Ken also asserts and defends that we are all creative people. This isn’t just about being an artsy person. This is all about being made in the image of God. As such, we are imbued with creativity. We think up pet names, solve problems, daydream. Basically, we are creativity in so many ways we just never notice it. Ken illuminates that for us.

The second half of the book is an implementation of the theology of creativity. It centers around using our imagination to rethink problems and solutions. Imagination leads to innovation, which is a creative move away from the copy mentality, which leads to a generosity that makes space for life to flourish.

If we are born to create, innovation isn’t just about harnessing creativity – it’s actually about restoring creativity to its rightful place at the heart of all we do.

-Ken Wytsma

The heart of this book is to help us move into our creativity as creatures made in the image of a creative God instead of copying what others are already doing and maintaining the status quo of entropy leading to death.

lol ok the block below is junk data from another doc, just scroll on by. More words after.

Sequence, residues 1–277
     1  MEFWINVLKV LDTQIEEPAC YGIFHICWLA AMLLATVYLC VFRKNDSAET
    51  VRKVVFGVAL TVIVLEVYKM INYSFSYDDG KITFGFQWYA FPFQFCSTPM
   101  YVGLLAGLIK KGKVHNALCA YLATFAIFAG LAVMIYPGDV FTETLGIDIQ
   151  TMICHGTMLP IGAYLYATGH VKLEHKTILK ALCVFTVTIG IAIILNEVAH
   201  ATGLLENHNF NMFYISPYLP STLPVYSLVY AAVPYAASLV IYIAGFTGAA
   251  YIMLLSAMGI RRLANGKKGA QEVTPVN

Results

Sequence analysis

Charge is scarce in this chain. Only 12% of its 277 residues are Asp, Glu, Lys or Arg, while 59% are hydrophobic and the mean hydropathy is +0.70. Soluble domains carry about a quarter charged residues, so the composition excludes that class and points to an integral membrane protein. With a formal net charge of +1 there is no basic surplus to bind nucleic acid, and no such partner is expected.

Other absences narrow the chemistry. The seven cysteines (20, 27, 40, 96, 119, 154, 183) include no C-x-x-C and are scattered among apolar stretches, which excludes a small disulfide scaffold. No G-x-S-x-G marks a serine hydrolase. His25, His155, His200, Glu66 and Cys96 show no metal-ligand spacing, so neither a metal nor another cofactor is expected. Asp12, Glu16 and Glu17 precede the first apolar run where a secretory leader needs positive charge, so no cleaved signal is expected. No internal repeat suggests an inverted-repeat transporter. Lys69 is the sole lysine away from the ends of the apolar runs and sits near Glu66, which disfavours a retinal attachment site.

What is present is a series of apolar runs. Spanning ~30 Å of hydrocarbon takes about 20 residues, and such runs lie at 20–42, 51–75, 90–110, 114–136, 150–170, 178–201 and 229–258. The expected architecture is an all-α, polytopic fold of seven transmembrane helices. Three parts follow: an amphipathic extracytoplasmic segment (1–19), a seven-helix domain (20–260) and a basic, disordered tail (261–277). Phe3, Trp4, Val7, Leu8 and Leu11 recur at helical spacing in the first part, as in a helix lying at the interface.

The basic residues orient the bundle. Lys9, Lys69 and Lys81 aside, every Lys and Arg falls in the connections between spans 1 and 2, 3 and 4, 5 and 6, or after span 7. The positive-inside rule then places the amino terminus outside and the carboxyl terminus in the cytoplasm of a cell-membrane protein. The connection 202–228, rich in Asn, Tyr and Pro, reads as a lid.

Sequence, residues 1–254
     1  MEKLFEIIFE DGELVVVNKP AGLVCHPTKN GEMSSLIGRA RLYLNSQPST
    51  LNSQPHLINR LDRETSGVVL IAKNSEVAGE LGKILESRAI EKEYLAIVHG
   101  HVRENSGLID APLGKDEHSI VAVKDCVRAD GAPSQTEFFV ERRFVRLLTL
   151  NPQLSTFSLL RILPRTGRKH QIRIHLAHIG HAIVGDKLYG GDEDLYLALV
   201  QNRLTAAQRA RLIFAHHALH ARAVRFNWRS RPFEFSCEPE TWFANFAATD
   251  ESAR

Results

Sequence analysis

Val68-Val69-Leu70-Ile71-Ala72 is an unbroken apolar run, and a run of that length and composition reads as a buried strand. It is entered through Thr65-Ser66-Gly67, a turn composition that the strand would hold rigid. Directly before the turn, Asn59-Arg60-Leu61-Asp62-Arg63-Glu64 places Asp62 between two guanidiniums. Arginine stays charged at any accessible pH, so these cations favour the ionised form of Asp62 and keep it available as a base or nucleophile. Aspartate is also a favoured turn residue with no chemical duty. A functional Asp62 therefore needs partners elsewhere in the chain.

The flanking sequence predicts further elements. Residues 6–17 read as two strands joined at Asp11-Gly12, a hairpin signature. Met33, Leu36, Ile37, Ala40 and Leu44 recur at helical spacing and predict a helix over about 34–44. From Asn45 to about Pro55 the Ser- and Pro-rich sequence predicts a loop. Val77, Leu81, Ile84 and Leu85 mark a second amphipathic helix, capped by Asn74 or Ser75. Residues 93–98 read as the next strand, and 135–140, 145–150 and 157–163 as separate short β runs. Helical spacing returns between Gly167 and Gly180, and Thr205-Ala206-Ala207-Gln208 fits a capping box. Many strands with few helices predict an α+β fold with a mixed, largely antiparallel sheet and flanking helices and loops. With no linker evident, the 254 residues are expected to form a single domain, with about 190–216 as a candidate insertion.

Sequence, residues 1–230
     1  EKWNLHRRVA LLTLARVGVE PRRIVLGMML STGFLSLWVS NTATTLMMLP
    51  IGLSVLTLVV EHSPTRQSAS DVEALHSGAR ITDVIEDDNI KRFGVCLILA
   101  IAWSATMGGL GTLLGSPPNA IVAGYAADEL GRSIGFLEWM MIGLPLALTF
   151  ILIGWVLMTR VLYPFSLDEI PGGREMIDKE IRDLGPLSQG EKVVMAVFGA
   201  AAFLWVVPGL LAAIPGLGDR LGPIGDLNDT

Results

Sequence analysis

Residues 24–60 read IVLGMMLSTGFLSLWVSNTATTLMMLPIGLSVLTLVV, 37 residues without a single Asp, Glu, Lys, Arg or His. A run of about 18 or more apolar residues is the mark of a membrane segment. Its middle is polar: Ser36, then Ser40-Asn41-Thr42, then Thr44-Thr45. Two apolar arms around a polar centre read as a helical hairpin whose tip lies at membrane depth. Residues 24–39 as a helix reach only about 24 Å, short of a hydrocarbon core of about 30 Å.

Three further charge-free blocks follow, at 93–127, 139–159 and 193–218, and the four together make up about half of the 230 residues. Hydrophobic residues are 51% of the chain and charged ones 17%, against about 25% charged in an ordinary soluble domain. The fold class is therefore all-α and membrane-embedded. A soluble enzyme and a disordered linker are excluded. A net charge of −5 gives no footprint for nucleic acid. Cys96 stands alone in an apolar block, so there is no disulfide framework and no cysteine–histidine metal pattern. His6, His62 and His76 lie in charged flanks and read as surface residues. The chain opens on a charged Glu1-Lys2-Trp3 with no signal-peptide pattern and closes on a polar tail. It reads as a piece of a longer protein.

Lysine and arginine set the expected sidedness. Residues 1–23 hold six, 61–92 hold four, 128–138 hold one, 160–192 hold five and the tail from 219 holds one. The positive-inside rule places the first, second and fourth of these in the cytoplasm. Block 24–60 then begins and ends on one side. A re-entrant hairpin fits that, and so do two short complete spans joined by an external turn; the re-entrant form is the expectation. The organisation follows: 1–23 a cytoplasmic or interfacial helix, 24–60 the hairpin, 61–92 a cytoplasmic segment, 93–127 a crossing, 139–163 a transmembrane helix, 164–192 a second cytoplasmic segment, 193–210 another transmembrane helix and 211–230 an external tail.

Back to the bullshit.

Copying someone is ignoring creativity, even if they promise the gold at the end of the rainbow. Falling into the “steps to success” rut is just going to make you blend into the woodwork with all the other people.

Let’s make something new. Let’s get it wrong and try again. Let’s dance with our imaginations. Let’s be different. Let’s not be bullshit.

I’m giving away a copy of Create vs Copy to one of the commenters on this post. Comment by Monday, April 4th to be entered to win.